Interesting thought. Do you think brevity and abuse are directly related?
Peter Pelberg

Hmm, interesting question! I don’t think that, but not in a considered way; it never occurred to me to link the two, so it’s entirely possible, but not something I’m knowledgeable about.

I primarily meant that most tweets simply aren’t that good; they end up just being recycled jokes/content. I think a lot of people struggle to communicate in a meaningful way with a 140 character limit.

I follow a small number of people who are absolutely bringing an a game to Twitter, but I don’t know how they’d monetize; the cost of engagement (following) is so low, and the amount of output from tweeters so low, that most people end up following a *lot* of twitter accounts. I have some hilarious tweeters I follow who just get lot in the stream. I have some poignant and deep tweeters I follow who also get lost in the stream.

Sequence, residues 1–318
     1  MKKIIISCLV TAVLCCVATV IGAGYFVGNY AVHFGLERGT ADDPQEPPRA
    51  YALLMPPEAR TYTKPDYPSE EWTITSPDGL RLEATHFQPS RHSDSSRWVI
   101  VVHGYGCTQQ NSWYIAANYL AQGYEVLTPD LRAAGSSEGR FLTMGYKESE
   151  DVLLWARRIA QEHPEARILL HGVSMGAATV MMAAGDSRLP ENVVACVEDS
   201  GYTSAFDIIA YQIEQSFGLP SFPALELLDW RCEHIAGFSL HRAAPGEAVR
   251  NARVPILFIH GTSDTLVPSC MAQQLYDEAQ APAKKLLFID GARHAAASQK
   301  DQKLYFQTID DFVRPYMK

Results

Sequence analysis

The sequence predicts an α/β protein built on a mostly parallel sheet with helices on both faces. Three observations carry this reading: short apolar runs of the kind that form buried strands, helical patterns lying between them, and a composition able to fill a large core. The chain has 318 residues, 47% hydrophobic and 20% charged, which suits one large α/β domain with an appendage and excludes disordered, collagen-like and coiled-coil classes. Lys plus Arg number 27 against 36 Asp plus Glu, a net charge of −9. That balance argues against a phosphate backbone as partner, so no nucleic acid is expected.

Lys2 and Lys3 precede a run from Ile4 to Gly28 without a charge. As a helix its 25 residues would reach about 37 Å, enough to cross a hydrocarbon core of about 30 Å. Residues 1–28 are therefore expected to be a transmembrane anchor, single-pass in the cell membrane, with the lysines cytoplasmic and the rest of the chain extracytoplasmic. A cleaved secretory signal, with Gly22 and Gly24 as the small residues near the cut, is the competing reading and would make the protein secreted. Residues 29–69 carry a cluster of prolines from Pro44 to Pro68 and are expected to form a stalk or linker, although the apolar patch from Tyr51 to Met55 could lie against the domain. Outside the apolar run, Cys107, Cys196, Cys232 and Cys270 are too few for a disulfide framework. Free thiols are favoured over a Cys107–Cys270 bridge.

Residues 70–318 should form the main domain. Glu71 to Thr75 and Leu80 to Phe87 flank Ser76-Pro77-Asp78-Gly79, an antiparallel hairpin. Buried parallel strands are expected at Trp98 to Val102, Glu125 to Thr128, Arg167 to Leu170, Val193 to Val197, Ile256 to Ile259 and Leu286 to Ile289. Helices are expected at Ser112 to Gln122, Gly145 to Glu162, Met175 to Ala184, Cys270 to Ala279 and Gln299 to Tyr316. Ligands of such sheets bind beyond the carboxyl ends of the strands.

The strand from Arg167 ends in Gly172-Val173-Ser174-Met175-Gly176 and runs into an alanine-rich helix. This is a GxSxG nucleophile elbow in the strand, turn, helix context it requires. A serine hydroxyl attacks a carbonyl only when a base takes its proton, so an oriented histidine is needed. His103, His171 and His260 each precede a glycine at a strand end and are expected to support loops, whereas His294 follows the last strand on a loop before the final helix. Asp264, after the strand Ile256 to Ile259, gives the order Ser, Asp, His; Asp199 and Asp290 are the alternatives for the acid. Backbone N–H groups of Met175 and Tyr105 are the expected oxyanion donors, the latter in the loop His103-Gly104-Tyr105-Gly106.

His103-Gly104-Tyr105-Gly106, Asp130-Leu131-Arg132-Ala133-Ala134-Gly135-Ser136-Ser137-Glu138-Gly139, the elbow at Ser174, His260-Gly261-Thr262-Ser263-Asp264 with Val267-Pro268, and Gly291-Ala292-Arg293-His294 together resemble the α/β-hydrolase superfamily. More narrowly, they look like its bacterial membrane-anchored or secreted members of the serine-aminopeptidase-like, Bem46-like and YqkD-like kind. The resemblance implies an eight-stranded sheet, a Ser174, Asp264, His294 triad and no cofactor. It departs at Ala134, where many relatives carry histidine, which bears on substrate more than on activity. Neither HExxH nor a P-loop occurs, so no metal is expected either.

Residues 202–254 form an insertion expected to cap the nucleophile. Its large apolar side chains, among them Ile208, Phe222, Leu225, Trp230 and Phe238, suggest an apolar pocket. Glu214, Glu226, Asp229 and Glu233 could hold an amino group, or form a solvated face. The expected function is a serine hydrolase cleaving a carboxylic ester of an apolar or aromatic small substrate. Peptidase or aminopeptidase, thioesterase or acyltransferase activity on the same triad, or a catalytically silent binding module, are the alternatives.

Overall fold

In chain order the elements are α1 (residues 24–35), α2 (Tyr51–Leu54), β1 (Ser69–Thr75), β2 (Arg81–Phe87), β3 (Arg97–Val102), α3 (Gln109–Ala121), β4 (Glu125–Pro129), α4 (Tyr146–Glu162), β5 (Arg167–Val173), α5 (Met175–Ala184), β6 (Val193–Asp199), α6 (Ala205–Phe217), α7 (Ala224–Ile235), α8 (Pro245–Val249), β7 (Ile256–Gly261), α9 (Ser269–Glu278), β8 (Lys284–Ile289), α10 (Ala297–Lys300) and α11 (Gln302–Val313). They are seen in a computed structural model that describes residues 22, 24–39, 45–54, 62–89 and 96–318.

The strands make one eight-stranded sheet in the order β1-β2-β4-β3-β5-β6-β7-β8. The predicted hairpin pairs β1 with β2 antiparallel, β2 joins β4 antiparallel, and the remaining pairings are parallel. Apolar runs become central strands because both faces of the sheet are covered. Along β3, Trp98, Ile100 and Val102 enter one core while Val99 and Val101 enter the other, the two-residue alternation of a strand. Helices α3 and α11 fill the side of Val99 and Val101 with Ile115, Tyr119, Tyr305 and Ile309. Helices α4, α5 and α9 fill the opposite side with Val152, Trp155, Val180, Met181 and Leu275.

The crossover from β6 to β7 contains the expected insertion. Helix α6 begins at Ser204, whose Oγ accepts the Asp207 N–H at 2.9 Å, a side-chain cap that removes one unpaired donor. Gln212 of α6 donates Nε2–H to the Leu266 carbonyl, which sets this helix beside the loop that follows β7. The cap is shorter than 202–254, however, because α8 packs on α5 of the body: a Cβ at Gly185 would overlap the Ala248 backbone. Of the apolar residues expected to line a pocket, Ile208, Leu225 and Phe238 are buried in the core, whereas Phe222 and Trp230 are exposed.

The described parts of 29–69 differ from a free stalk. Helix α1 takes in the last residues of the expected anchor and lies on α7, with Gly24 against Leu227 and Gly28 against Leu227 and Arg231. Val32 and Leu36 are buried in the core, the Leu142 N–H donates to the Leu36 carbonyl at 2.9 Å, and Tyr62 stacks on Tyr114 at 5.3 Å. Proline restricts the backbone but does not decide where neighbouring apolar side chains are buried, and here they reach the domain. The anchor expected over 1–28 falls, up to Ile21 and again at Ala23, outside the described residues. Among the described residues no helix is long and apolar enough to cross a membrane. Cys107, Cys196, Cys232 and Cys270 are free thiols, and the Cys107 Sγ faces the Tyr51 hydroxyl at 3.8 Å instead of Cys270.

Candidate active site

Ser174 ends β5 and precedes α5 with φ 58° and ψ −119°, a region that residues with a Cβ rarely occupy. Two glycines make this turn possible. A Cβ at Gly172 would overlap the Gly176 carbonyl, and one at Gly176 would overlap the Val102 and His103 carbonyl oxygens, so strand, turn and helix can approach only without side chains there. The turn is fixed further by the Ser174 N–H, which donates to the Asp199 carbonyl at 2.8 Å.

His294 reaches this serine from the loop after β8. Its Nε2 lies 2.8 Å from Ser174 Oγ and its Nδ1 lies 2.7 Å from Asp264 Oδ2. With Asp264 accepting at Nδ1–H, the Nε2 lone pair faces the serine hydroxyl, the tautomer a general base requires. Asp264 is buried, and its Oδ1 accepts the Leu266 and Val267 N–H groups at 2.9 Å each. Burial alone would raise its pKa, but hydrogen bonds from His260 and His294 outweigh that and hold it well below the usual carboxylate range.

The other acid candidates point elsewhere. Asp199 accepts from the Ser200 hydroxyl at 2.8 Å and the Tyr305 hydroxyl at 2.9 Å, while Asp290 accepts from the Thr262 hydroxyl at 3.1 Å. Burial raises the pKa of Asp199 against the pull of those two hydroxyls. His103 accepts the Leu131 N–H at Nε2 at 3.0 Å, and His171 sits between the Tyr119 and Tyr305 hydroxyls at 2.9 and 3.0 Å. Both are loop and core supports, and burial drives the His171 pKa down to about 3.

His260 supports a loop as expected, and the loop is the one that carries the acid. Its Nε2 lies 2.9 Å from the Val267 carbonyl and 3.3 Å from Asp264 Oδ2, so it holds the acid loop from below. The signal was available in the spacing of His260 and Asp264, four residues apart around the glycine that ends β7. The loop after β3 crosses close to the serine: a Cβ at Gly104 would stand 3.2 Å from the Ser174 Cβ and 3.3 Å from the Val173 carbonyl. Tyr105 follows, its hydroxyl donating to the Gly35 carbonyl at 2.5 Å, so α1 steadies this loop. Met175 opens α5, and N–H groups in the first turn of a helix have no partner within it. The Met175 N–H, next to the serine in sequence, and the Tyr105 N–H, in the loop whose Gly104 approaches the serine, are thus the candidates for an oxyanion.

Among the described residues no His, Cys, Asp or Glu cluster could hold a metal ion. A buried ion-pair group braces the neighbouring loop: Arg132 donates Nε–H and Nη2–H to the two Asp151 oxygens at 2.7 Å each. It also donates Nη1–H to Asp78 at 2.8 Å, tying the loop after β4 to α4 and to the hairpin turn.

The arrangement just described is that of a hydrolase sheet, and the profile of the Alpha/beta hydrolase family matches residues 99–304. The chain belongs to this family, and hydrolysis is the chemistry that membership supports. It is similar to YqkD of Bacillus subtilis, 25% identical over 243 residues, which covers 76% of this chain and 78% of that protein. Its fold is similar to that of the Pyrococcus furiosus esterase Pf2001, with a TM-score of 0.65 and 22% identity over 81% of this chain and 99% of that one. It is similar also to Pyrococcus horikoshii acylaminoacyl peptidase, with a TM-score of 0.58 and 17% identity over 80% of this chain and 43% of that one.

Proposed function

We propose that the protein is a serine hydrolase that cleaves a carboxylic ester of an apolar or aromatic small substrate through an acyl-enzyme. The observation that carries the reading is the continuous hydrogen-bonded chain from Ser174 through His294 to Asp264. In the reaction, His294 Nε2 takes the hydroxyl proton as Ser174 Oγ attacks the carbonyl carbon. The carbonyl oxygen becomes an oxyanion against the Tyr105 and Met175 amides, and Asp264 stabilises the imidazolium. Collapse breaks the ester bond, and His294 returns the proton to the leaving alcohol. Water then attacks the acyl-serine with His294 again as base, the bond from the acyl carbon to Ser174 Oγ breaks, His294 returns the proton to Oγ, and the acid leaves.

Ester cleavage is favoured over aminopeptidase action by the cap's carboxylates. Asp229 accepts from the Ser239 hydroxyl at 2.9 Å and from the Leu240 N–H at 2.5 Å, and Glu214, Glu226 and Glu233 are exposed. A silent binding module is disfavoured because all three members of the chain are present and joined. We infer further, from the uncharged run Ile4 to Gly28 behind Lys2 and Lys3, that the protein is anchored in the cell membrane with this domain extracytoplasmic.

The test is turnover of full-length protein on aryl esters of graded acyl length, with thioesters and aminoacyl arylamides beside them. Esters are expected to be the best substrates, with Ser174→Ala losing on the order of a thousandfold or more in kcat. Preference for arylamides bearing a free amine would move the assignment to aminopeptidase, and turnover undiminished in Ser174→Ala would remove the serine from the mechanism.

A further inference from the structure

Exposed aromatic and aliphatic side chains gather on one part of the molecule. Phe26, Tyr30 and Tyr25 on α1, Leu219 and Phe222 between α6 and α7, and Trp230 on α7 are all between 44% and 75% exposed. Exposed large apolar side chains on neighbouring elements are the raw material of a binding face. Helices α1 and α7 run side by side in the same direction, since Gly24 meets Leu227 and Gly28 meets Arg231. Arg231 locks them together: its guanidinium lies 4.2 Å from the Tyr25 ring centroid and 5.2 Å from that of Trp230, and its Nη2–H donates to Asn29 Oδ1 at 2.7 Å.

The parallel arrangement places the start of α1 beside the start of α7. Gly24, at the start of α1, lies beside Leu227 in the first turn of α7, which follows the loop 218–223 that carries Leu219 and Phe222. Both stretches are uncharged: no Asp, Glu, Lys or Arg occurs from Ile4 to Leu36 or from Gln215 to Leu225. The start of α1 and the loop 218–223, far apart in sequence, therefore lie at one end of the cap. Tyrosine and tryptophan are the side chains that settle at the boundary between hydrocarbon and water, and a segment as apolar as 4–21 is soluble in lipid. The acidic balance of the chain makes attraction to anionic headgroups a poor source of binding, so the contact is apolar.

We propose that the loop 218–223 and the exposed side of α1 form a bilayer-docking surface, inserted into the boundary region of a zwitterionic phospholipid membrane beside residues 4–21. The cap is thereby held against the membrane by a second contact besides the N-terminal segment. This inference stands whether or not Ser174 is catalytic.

How could they monetize their tweets? What is their incentive to keep bringing their a game? How can twitter really monetize that?

I suspect that Twitter has been kept alive through speculative investments & the vague sense that it *has to* be worth a lot of money, but I really question what commercial value it brings. I’ve enjoyed socializing via it, but that’s been marred by abuse, and I don’t know that Twitter can ever make money providing a social tool, even if they figure out how to check the abuse.

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